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Re: Freon: R12 vs R134 vs R406A

> There is a replacement refrigerant for R-12 that is ozone friendly and works 
> in R-12 systems. It was developed (and patented) by George Goble at Purdue.

... I looked at the first page that you give ... my server couldn't open the
second one.  It simply amazes me how we can let political BS cause us to do
*stupid* things.  Clearly noted is that R406A cannot be vented into the atmo-
sphere because it contains CCFCs (whatever they are).  So why is it that R12 
is so bad that we can't manufacture it anymore yet R406A is our salvation?  
(At least it will be the salvation of George Goble at Purdue)
> Initially called ghg-12, it is now called R-406A and has been EPA approved 
> for stationary (non-auto) applications. The inventor has stated that use 
> for autos should be approved in September - as long as new fittings are 
> added to the AC so that there won't be confusion as to what type of gas 
> is in the system.
> Initial info that I heard reported that it worked better* than R-12...
What is the definition of better?  Is it simply that the thermal cycle per-
mits higher specific heat flow?  What about if we factor cost into the equa-
tion?  How much study has been put into the long term effects of the use of 
R406A?  Considering the time before Freon was worse than cigarette smoke (and 
even when cigarette smoke wasn't considered to be that bad) R12 was an inex-
pensive working fluid that had a lot of benefits that brought us refrigerators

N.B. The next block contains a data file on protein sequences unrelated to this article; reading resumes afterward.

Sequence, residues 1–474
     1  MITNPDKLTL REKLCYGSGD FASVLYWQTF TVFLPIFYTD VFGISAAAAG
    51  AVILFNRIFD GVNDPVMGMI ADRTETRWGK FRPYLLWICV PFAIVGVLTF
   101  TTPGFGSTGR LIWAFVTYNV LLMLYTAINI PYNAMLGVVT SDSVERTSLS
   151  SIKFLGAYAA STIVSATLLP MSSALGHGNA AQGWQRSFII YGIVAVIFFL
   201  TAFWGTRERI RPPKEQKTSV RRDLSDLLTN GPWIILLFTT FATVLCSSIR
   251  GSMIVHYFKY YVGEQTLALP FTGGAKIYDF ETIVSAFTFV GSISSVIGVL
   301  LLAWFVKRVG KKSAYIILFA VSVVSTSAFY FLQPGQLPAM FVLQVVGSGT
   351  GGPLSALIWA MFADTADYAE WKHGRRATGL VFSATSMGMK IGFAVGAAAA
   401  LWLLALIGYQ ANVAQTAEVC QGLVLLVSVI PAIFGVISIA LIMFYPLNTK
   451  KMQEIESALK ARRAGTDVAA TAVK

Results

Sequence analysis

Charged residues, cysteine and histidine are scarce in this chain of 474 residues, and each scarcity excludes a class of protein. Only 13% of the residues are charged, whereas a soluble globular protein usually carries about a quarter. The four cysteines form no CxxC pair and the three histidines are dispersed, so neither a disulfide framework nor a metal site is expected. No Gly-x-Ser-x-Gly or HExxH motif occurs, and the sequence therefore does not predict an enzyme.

that could run for 20+ years without leaking a significant amount of refrig-
erant.  Now we have refrigerators that need to have the compressors rebuilt 
due to corrosion in 5-10 years.  Yes, there was an issue with the use of R12 
in cars in that the amount leaking out of the system was unacceptable (in 
hindsight).  Rather than outlawing the R12 we should have required that the 
amount vented to the atmosphere be spec'ed to a certain amount.  I am sure 
that the time and effort that have been put into developing new working fluids 
could have been spent developing compressor technology to support this.  An 
with the active safety features that Audi provides would reduce the risk that 
there would be venting of the system due to an accident.  Whew ... wasn't 
sure how I was going to work Audis into this one ;-)

Good luck and my support to the state that is planning to continue R12 pro-
duction after the ban is supposed to begin (Arizona or New Mexico ?)

Vorsprung durch technik!
Steve Buchholz